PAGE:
I've always loved the natural world, and this intensified during the last two years of Covid. A much greater percentage of my poetry was created in response to visual
stimulation—anything that caught my eye and my emotions with surprise, delight, or awe.
And most of the visuals that I responded to were saturated with what felt like
music and its BFF, dance. It seemed as if my brain locked on particular
sights that felt lyrical, rhythmic, powerful in a way that begged for
poetry. Some of that poetry is written, and some waits to be written
from the photographs I captured. But all of it was music to me.
As I tried to find a way to describe my experience for this post, I received a guest column from Alex Wharton, "About Poetry" via Liz Brownlee's Poetry Summit blog. Alex put into words what I was having trouble describing...that being a poet, writing poetry is about "how we observe the living, the everyday—how much of it we absorb, let in. And tell again, again and again—until it's something that satisfies our soul."
And we each observe and absorb differently, with overlap of course, as our magnificent brains process information growing from our passions, our past, our emotions, and so, so much more.
My intensified vision of so many things in the world feeling like music and dance continues to provide immense pleasure. I'll share some samples, below (all photographs are mine):
A twirling dancer on the pond...
A dancer en pointe...
A chorus of prairie grass singing in the wind...
A trio of dancers, arms curved to the music...
The corps de ballet...
A conductor and chamber group...
I never puzzled about this intensified experience of how I see, absorb, give meaning to, and try to capture in poetry. I love it. It's familiar and yet full of surprises and delight. Personification increasingly found its way into my poetry, giving me an even more intimate relationship with those objects that touched me deeply and through poetry, could speak to me of imagined experience. Some sights I've seen were so impactful emotionally that I have not yet found the words.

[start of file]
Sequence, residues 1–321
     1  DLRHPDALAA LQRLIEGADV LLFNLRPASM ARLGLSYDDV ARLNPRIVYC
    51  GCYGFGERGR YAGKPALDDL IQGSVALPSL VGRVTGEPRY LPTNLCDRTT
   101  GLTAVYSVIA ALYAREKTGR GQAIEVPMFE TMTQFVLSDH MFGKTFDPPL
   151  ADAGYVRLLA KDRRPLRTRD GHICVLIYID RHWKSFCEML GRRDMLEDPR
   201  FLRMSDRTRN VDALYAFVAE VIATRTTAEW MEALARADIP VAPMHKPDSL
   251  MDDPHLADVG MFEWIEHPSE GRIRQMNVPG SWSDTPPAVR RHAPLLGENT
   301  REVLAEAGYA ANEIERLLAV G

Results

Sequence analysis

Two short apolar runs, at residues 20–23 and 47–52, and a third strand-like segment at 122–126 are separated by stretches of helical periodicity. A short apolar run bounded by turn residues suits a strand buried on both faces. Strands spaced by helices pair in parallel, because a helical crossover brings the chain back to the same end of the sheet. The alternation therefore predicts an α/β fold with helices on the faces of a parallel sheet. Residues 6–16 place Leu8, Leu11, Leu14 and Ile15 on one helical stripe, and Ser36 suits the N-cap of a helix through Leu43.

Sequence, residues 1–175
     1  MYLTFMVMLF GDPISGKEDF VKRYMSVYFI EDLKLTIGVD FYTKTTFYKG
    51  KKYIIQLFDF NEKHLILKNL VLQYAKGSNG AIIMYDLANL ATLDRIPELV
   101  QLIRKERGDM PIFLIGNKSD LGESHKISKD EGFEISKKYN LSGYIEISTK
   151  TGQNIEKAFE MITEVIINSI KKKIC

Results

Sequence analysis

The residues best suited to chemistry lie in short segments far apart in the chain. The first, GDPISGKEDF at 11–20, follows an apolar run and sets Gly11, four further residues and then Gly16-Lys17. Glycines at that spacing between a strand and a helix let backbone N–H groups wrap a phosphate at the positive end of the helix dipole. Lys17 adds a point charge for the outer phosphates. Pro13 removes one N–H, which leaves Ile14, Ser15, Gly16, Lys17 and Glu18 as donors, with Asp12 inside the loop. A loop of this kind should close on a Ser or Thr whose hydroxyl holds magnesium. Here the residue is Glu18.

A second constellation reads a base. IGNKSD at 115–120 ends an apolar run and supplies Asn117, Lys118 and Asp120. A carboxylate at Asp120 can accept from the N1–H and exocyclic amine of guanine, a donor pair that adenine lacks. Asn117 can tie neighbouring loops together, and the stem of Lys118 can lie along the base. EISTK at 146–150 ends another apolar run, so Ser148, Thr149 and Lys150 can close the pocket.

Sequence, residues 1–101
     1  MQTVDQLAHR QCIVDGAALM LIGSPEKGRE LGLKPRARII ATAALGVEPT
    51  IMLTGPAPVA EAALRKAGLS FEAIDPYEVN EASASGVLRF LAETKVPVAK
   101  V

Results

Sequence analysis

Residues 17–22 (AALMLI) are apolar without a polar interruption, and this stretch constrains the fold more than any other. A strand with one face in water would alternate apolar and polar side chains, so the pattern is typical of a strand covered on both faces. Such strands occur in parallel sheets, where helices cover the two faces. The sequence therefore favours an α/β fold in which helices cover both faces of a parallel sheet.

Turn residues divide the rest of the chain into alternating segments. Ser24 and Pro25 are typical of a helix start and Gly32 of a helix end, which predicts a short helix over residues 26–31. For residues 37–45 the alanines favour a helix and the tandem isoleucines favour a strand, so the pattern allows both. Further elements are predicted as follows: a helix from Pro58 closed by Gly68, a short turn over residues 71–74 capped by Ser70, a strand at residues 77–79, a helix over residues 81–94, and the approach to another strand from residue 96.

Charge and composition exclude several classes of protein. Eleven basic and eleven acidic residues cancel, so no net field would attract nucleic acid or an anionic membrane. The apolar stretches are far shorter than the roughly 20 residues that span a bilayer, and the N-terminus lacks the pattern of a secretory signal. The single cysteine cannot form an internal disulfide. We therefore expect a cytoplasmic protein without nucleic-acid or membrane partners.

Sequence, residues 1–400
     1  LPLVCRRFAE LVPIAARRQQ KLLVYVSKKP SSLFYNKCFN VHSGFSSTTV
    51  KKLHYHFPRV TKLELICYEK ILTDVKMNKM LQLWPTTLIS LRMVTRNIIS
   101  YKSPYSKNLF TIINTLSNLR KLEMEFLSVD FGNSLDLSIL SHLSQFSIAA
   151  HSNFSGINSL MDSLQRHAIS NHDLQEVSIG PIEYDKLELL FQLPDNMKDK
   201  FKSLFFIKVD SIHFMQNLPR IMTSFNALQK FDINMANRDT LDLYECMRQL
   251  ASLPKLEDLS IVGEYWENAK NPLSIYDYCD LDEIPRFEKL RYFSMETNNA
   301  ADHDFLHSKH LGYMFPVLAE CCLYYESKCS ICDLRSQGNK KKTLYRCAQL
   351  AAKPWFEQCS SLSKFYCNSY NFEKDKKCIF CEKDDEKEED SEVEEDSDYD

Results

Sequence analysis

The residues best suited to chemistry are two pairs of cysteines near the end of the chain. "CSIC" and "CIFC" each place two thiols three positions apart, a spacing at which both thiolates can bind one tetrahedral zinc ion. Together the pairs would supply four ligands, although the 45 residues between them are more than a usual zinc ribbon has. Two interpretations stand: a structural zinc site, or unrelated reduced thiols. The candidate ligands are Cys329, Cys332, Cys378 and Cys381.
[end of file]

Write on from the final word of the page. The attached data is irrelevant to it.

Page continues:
I did briefly puzzle about why this particular tendency to see objects in this way had intensified, and an answer came quickly that makes all the sense in the world to me. We 'default' to the things that comfort us in hard times. These experiences bring surprise, delight, even awe in otherwise difficult times. They have brought these things, as well as fun and laughter, into my poetry, balancing to some extent the emotional impact of other realities in our world that matter deeply.
I've had more time during the pandemic to enjoy other poets' work, too, especially on Poetry Friday, where I find a community of poets who have overlapping and different ways they process and experience what they see, live, and feel.
Alex Wharton writes, "Poetry is such a dynamic thing, imaginative, living. I want children to know of its looseness, playfulness and freedom. But also of its power to change lives, save lives.
And the thing about saving lives? A good thing to remember...not only for the children, but for the poets as well.